Colts' Dungy steps down

Ex-Wake Forest coach takes over

The Associated PressJanuary 13, 2009 

Tony Dungy has retired after seven years as coach of the Indianapolis Colts, saying this was right moment.

"These seven years have been better than I could ever have imagined," Dungy, the only black coach to win a Super Bowl, said at a news conference Monday. "I just have to thank everyone."

He will be replaced by associate coach Jim Caldwell.

Dungy, 53, has spent the past five years debating whether to leave football to spend more time with his family.

The move comes a little more than a week after the Colts were eliminated from the playoffs.

The plan to have Caldwell replace Dungy was put in place last year when the coach pondered retirement. Caldwell joined Dungy's Tampa Bay Buccaneers staff in 2001, then moved with Dungy to the Colts in 2002 and was the quarterbacks coach. A year ago, Caldwell was elevated to associate head coach though he continued to coach Peyton Manning and Jim Sorgi.

Caldwell's only other head coaching experience came at Wake Forest, where he went 26-63 from 1993 to 2000.

Dungy reached the playoffs all seven seasons in Indianapolis, winning five division titles and appearing in two AFC title games.

Dungy finishes his career as the Colts' franchise leader in victories, going 85-27 in the regular season and 7-6 in the playoffs.

Dungy, 53, also spent six seasons in Tampa Bay, rejuvenating a moribund franchise and turning it into a perennial Super Bowl contender in the late 1990s and the early part of this decade. Dungy left Tampa with a career record of 54-42 in the regular season, becoming the winningest coach in franchise history there, too, and got the Buccaneers to the NFC title game in 1999.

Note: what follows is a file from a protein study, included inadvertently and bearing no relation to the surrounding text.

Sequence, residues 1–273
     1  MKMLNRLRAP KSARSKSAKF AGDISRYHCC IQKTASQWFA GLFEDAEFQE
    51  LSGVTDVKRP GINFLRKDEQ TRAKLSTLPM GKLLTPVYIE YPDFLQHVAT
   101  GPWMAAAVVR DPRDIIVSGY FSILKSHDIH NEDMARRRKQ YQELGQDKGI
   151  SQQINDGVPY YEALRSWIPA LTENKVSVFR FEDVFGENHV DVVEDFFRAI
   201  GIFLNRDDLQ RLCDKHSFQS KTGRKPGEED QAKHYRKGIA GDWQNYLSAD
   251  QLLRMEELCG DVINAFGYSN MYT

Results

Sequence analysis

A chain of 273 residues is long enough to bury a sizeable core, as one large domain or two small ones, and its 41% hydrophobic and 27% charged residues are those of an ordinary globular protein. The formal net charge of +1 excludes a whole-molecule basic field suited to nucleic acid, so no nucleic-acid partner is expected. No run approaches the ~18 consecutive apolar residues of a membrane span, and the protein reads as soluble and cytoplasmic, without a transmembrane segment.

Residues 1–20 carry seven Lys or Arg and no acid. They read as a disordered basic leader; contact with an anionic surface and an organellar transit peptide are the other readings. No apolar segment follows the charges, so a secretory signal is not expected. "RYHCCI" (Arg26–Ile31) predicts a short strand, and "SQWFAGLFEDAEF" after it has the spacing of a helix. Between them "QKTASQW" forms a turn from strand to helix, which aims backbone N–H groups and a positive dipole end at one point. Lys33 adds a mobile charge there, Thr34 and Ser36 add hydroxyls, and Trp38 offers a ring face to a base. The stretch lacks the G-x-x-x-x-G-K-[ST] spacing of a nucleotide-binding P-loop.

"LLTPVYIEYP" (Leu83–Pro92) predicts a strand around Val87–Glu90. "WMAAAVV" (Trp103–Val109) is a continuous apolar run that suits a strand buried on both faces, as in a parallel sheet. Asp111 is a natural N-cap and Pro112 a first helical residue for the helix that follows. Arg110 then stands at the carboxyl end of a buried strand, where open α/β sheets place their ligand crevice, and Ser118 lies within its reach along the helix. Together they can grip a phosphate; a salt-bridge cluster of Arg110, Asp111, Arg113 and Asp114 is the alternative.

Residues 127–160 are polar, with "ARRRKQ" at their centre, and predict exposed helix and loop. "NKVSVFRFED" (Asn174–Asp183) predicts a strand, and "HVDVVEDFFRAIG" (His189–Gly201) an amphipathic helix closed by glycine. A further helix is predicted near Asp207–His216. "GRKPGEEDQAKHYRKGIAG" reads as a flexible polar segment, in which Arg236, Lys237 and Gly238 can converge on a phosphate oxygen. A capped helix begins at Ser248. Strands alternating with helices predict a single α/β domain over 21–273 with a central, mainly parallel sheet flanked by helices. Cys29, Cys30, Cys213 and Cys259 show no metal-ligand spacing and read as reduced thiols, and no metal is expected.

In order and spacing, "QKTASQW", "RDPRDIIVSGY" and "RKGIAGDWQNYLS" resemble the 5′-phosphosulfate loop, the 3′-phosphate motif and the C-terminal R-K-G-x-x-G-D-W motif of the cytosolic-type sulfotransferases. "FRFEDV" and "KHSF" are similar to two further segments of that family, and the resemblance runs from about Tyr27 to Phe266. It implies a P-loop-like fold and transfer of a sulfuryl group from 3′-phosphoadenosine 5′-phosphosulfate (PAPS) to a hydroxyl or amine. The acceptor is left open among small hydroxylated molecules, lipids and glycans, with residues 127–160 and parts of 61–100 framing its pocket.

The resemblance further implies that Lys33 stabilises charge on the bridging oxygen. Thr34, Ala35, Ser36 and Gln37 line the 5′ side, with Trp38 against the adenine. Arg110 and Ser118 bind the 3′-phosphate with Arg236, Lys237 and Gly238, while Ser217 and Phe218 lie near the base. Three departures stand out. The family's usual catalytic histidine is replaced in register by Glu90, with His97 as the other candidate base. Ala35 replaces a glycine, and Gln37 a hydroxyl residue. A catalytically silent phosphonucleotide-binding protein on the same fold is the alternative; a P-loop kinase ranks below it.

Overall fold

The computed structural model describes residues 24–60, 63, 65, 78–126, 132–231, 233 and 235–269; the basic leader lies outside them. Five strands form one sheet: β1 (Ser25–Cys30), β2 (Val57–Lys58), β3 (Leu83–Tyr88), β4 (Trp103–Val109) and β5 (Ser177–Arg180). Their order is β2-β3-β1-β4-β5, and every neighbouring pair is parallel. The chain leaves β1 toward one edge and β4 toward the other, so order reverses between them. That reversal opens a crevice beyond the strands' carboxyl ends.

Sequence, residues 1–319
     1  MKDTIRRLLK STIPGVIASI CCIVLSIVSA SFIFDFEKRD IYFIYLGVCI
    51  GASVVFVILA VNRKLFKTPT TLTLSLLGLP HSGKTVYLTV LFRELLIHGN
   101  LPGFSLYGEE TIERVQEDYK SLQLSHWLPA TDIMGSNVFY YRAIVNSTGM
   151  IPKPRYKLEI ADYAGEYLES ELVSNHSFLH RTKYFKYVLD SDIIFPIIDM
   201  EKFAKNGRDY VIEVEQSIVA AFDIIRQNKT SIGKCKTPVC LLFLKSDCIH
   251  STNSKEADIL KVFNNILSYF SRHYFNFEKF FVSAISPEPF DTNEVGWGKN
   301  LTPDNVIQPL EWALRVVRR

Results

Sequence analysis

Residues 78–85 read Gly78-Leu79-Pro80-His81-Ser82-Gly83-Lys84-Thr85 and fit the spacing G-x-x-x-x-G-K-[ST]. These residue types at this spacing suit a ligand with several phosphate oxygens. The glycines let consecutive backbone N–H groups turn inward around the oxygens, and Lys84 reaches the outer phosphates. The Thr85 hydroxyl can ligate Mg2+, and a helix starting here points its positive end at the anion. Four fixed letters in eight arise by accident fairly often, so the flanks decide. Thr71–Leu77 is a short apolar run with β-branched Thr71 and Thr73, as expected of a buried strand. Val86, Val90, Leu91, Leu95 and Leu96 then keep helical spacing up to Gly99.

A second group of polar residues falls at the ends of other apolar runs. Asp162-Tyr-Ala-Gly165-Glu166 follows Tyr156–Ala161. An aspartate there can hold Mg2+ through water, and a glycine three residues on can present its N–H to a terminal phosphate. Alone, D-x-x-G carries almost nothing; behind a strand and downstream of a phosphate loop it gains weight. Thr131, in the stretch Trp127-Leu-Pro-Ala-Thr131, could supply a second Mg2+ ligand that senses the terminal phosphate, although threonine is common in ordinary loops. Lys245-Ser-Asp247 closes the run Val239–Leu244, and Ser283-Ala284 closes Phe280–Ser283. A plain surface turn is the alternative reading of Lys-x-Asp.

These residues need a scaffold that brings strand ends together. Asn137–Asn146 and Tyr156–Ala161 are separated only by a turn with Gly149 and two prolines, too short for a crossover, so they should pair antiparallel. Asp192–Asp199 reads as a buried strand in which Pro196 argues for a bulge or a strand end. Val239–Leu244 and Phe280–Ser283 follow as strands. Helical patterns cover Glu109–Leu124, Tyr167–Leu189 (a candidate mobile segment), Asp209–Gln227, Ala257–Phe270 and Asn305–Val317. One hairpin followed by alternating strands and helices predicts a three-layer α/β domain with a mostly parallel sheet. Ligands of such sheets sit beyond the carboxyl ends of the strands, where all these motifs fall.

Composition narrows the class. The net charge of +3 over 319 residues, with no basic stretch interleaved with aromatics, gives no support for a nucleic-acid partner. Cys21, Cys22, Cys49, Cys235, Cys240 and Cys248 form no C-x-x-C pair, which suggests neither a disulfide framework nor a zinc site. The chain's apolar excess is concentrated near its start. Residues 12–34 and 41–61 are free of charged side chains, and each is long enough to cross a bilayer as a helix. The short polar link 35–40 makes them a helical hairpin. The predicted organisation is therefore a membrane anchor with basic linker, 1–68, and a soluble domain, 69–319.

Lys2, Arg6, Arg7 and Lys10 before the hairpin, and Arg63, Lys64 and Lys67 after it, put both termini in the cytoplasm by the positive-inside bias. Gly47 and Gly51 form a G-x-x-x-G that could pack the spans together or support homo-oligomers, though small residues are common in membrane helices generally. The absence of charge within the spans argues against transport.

He's the only coach in NFL history to produce six straight 12-win seasons and 10 consecutive playoff appearances.

BRONCOS PICK OFFENSIVE GURU: The man who ran the New England Patriots' high-scoring offense is taking over as coach of the Denver Broncos, charged with revitalizing a team that failed to make the playoffs the past three seasons.

Josh McDaniels, the Patriots' 32-year-old offensive coordinator, agreed to a four-year deal to replace Mike Shanahan, who was fired Dec. 30 after 14 seasons with a 146-91 record.

"I'd like to personally thank [Patriots coach] Bill Belichick for providing me my foundation in this league and for mentoring me for eight years," McDaniels said at his introductory news conference Monday night.

McDaniels is a baby-faced 32-year-old whiz kid who is younger than many of his players, but insists that won't be a problem.

"My age has never been a factor. It's never going to be a factor," he said. "It's about performance. It's about what you're capable of getting the players to do."

JACKSONVILLE SHAKEUP: The Jacksonville Jaguars promoted Gene Smith to general manager Monday, one of four changes meant to clarify responsibilities in the personnel department.

Team owner Wayne Weaver said Smith will have final say in all personnel decisions, a clear deviation from the way the Jaguars handled things in recent years. Coach Jack Del Rio, former personnel chief James "Shack" Harris and Smith used a consensus approach the past six seasons.

CARDINALS LOSE TIGHT END: Arizona Cardinals starting tight end Stephen Spach is out for the playoffs after tearing a knee ligament during Saturday night's 33-13 victory over the Carolina Panthers.

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